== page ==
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Outcomes of patients hospitalized for syncope usually are determined by age and coexisting illness

From 1 to 6 percent of people hospitalized are admitted to the hospital for syncope (brief loss of consciousness). Studies during the 1980s concluded that syncope due to cardiovascular causes led to more deaths than noncardiovascular or unexplained syncope. The findings from a recent study appear to contradict this earlier conclusion. The study, which was supported in part by the Agency for Healthcare Research and Quality National Research Service Award training grant T32 HS00069), demonstrates that patient survival is not related to the cause of syncope.

In fact, doctors cannot be sure that hospitalized elderly patients with noncardiovascular and unexplained syncope will have excellent outcomes, conclude William S. Getchell, M.D., M.P.H., and colleagues at the Oregon Health Sciences University and Portland Veterans Affairs Medical Center. They used databases of three diverse health care systems in Oregon to identify 1,516 elderly patients diagnosed with syncope and to determine factors that influenced their survival after discharge. The treating clinicians identified cardiovascular causes (most commonly arrhythmias) of syncope in 19 percent of patients and noncardiovascular causes such as anemia, seizures, dehydration, or drug-induced syncope, in 40 percent. The remaining 42 percent of patients were discharged with unexplained syncope.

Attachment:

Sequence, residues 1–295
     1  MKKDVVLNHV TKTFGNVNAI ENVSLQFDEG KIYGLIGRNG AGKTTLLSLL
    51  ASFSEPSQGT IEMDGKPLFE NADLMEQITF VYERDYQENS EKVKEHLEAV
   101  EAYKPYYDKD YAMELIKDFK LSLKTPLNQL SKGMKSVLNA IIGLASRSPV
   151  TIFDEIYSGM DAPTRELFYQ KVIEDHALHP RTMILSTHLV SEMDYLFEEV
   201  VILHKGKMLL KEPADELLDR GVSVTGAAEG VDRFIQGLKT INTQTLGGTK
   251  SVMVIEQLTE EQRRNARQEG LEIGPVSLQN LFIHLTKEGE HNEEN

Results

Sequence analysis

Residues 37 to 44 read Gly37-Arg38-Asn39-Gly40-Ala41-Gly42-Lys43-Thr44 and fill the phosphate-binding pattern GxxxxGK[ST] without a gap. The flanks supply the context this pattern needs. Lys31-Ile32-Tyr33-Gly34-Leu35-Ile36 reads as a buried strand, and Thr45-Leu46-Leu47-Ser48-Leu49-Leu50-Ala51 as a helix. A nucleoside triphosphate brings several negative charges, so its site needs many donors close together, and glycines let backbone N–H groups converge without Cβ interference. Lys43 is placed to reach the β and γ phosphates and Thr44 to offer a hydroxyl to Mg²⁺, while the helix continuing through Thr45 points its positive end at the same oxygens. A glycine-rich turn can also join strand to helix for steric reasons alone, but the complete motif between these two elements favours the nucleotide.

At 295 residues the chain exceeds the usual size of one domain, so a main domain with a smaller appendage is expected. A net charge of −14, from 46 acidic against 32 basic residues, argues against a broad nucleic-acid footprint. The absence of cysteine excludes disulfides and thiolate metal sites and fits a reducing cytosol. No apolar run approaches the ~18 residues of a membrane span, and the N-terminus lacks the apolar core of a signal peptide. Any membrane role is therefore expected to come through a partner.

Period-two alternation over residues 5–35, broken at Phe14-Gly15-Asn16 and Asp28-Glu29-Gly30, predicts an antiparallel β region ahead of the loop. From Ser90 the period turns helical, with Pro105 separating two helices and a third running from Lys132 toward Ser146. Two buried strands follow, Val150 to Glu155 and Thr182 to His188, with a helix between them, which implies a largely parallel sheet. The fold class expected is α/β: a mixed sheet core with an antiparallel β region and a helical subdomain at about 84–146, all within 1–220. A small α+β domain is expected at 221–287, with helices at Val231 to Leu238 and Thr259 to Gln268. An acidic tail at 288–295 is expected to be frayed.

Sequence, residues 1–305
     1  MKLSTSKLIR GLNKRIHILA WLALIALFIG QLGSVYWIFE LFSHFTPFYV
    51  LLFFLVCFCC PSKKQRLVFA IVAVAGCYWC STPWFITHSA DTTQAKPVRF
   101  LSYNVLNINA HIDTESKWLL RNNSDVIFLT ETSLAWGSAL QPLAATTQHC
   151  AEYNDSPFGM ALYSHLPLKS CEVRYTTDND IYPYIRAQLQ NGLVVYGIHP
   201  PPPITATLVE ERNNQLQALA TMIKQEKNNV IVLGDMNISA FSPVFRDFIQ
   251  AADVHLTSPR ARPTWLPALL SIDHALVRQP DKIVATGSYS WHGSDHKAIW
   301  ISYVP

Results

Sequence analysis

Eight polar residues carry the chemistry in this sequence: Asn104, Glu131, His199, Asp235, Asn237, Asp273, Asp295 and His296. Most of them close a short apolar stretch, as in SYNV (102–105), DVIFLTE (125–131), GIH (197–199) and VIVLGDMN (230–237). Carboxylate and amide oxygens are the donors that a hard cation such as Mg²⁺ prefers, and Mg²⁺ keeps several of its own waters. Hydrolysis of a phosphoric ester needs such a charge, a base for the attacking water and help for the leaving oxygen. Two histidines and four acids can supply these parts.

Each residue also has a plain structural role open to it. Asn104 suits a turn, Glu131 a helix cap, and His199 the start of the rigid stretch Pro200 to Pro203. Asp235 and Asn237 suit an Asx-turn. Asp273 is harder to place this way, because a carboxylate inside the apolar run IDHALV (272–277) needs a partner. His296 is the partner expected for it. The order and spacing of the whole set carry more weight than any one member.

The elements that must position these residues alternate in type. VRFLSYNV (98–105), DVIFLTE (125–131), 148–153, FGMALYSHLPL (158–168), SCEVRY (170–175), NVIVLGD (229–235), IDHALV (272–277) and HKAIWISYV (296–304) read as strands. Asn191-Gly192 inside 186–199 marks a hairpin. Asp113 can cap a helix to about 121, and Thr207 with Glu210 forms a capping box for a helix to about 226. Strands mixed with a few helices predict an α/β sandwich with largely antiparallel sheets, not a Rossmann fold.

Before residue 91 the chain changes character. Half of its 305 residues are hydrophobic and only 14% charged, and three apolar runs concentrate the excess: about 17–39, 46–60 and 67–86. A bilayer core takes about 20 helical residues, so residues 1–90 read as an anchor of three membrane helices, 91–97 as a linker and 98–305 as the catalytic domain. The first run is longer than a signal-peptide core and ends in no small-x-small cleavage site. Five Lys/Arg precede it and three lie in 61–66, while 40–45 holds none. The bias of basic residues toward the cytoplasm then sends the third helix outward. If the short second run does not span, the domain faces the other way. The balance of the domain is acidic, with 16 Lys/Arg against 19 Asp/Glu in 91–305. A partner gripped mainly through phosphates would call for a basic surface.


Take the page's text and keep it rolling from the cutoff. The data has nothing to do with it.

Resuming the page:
Death from all causes was 1 percent during hospitalization, 13 percent 1 year later, and 41 percent 4 years later. However, the relative risk of dying for individuals with cardiovascular syncope (relative risk, RR 1.18) did not differ from that for unexplained syncope (RR 1.0) and noncardiovascular syncope (RR 0.94). On the other hand, age and coexisting illness had a profound impact on survival. Individuals under age 55 had generally excellent outcomes compared with those aged 85 and older (91 percent vs. 31 percent survival 4 years after hospitalization). Similarly, individuals with no other illness had better survival than those with several coexisting illnesses (81 percent vs. 23 percent at 4 years).

More details are in "Epidemiology of syncope in hospitalized patients," by Dr. Getchell, Greg C. Larsen, M.D., Cynthia D. Morris, Ph.D., M.P.H., and John H. McAnulty, M.D., in the Journal of General Internal Medicine 14, pp. 677-687, 1999.

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